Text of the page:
How has the crisis and lockdown disrupted you and your company?
My office is at home anyway, so that has made life easier during this.
The issues with the stock market falls are always very unpleasant when they happen and because they have been linked with health fears, it has been a really unsettling time for people.
I have been helping my clients get set up from home for online food shopping deliveries; likewise, with prescription deliveries.
I have also been helping clients set up things like iPads over the phone, so that they can speak to family members – all those kinds of personal things.
I am worried about my clients who are vulnerable, lonely, old or are poorly.
It has been those personal elements that I have been dealing with, as much as financial things.
Will there be a lasting impact to the way we work?
I think people who have avoided technology in the past are more likely to embrace it now.
And people will hopefully have their priorities more grounded and realise the importance of health, family and of having quality-time.
Hopefully, people will now know their neighbours a lot better, in communities, which I think is really important.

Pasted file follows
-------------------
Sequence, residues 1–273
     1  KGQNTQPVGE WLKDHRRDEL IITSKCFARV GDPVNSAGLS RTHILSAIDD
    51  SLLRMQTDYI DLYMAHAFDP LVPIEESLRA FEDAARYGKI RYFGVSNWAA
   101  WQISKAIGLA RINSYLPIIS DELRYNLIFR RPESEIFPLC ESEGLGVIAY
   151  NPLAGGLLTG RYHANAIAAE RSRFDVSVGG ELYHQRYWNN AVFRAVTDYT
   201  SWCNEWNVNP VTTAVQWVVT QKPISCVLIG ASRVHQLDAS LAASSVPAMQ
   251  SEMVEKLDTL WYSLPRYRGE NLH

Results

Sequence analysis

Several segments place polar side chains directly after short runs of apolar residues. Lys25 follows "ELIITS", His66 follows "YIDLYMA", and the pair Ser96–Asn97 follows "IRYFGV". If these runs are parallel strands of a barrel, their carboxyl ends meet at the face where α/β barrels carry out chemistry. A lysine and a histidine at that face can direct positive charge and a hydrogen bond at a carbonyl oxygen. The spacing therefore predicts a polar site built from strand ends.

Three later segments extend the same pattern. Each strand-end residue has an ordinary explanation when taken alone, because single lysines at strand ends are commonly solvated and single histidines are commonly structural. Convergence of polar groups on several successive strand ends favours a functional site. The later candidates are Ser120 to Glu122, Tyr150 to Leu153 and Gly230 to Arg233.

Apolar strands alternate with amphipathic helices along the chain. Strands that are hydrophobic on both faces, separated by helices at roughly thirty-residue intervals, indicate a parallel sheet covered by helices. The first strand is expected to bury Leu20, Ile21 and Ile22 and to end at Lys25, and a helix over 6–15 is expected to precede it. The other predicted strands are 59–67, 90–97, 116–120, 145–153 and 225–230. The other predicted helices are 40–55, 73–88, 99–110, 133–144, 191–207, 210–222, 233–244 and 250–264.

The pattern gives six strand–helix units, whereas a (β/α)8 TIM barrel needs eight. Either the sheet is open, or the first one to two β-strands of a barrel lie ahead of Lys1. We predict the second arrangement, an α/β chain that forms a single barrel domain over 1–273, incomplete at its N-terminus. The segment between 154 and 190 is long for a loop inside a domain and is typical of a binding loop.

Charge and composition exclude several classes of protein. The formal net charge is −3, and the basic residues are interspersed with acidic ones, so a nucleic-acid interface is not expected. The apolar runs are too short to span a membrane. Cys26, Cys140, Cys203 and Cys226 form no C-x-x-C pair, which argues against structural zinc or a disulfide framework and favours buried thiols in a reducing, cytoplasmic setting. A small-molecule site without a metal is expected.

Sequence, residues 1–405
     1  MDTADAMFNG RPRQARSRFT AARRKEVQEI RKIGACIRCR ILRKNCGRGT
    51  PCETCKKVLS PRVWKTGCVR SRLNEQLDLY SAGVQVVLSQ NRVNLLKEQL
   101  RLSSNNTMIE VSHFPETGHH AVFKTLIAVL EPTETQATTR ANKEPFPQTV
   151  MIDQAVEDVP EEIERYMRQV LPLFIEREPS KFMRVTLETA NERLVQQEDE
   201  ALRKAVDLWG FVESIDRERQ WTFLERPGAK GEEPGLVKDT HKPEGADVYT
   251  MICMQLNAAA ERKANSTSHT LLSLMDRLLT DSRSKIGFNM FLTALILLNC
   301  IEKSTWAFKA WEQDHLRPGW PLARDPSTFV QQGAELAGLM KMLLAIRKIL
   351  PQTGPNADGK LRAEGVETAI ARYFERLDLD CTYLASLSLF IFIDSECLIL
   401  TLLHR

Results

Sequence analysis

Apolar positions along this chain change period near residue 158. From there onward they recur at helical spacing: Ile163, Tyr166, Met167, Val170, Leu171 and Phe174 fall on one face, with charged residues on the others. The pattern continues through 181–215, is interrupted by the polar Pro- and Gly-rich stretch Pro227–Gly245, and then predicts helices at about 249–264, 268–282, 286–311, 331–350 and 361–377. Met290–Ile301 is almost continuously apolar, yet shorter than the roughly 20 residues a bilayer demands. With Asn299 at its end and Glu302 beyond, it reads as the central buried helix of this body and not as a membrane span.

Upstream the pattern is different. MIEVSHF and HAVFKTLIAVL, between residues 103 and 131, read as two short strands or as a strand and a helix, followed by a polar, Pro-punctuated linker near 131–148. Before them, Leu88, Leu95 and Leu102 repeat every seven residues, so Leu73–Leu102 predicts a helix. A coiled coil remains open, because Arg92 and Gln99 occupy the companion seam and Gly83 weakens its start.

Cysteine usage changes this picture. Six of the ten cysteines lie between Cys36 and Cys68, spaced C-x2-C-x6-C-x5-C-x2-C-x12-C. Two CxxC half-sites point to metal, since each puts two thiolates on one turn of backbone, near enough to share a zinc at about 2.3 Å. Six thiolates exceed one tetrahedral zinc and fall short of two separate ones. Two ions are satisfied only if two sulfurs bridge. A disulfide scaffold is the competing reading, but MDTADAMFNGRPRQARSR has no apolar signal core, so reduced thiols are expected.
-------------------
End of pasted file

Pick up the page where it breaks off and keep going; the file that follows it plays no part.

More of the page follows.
Local businesses and shops are thriving in many ways, as people appreciate the value of a good local butchers or greengrocers and how they have really been coming through for people. I hope that continues.
Can you compare this crisis to anything else?
I think we have seen times like these, market-wise. The dotcom bubble from 2000 was brutal, but it was quite isolated in a sense.
I had also only been advising then for a few years at that point, so what happened then was a new sensation.
I was not fully prepared and it was quite scary, but I was part of a big company, so I had more experienced advisers around me who could guide me.
With the banking crisis in 2008, it was about a lack of trust in the world at that time. You almost felt that people would never trust big institutions and banks again after that.
With this current crisis, although markets have been terrible, everything that has been happening makes perfect sense to people.
The drops have been based on very genuine concerns. People understand why this is happening because of the very real threat of the coronavirus pandemic.
What conversations have you been having with your clients?
Conversations have totally depended on the client.
Clients who are experienced have not been overly concerned, because they have seen and experienced market drops before.
But with clients who are less experienced and who have only been invested a few years, it does not matter how many times you discuss volatility, loss or capacity for loss. Until they actually experience a market loss, it is difficult.